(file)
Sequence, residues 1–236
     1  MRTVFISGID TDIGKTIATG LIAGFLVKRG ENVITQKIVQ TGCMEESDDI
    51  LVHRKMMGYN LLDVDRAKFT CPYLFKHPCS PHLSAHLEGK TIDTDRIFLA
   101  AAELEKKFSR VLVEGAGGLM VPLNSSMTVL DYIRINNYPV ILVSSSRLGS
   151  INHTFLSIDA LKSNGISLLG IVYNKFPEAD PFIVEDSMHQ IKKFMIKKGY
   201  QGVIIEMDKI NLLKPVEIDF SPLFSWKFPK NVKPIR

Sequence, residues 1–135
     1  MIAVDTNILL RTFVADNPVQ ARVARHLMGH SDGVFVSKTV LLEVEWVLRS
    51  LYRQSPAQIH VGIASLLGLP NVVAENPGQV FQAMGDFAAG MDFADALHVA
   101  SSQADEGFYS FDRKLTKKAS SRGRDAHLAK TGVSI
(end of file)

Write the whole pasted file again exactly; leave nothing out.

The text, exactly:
Sequence, residues 1–236
     1  MRTVFISGID TDIGKTIATG LIAGFLVKRG ENVITQKIVQ TGCMEESDDI
    51  LVHRKMMGYN LLDVDRAKFT CPYLFKHPCS PHLSAHLEGK TIDTDRIFLA
   101  AAELEKKFSR VLVEGAGGLM VPLNSSMTVL DYIRINNYPV ILVSSSRLGS
   151  INHTFLSIDA LKSNGISLLG IVYNKFPEAD PFIVEDSMHQ IKKFMIKKGY
   201  QGVIIEMDKI NLLKPVEIDF SPLFSWKFPK NVKPIR

Sequence, residues 1–135
     1  MIAVDTNILL RTFVADNPVQ ARVARHLMGH SDGVFVSKTV LLEVEWVLRS
    51  LYRQSPAQIH VGIASLLGLP NVVAENPGQV FQAMGDFAAG MDFADALHVA
   101  SSQADEGFYS FDRKLTKKAS SRGRDAHLAK TGVSI